With each passing primary (or caucus) and each successive win by Donald Trump, time is running out for the other candidates to stop his momentum. Ted Cruz and Marco Rubio seem to be the only two with any hope of derailing the Trump Train, but either one is going to need help. If it’s Rubio, some are suggesting an alliance with John Kasich. Political analysts Larry J. Sabato, Kyle Kondik and Geoffrey Skelley write:
> Now that Bush is out, Rubio might want to consider a daring gambit — openly offering Kasich the vice presidential slot in exchange for the Ohio governor’s support. (Ronald Reagan did something similar much later in his 1976 campaign, right before the Republican convention, and while it didn’t work out, Reagan shook up conventional wisdom. It is a tactic worth considering.) If Rubio can somehow push Kasich out after Bush’s exit, it seems reasonable to think that the lion’s share of their supporters would go to him, and in a three-way race, that could be enough for Rubio to start getting the victories he has failed to secure so far. However, Kasich seems inclined to continue to run, and the Republican power brokers who favor a Rubio-Kasich ticket probably won’t take the risks necessary to make this happen.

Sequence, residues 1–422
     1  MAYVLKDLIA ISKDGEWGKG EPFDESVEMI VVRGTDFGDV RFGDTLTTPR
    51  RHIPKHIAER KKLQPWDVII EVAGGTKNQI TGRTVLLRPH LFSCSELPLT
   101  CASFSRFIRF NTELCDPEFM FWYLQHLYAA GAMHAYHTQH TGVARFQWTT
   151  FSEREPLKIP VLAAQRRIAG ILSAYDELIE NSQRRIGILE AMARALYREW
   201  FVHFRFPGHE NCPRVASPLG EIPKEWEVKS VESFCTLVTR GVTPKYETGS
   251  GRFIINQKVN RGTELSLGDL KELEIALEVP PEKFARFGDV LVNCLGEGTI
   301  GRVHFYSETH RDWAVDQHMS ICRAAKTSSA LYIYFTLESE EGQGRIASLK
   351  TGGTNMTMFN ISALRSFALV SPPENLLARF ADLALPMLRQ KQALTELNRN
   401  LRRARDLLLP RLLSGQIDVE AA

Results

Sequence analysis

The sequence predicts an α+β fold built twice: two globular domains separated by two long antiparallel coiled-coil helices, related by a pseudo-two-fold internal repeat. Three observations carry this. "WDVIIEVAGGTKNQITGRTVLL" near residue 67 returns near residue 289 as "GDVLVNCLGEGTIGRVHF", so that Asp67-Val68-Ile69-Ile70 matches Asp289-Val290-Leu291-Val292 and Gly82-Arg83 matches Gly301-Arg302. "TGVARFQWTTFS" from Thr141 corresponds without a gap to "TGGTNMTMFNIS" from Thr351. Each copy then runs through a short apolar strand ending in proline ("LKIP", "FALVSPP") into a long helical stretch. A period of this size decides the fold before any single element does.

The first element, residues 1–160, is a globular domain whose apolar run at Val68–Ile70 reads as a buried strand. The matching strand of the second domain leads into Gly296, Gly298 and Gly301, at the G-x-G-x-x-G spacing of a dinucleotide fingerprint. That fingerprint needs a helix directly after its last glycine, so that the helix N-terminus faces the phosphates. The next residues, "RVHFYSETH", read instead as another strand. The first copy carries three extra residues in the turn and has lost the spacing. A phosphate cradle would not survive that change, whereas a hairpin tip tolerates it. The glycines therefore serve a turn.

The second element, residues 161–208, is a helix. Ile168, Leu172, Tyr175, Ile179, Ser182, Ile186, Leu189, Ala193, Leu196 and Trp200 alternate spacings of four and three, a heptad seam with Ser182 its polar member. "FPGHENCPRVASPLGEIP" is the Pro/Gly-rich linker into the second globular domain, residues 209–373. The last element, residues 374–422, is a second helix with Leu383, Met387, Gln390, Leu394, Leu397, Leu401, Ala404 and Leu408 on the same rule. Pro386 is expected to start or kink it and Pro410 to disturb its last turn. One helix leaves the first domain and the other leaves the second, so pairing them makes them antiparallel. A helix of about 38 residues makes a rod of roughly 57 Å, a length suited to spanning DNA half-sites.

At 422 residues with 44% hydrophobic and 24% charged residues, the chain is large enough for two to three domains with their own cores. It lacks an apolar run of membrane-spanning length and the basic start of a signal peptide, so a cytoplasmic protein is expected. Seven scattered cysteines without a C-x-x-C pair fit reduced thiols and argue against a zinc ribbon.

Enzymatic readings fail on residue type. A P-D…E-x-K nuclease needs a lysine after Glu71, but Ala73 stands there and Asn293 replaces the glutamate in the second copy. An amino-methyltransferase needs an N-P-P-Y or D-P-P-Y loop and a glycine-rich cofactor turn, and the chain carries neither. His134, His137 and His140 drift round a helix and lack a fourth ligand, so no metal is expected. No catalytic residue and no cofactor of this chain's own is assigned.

It’s also true that a Florida-Ohio alliance would prove beneficial in the general election. But the big concern here is that, with Jeb Bush gone, Rubio is already considered the “establishment pick” — never mind his nearly impeccable conservative credentials or Tea Party win in 2010. Kasich has appealed for establishment backing, and in terms of his experience and political stripes, it’s a better fit than Rubio. But perception can be powerful, and if two “establishment” guys unite the clans to take on Trump, it’s not exactly going to win over voters who are most angry with the establishment. That almost surely blunts any benefit Rubio would gain in Ohio, and makes this alliance an unlikely one.
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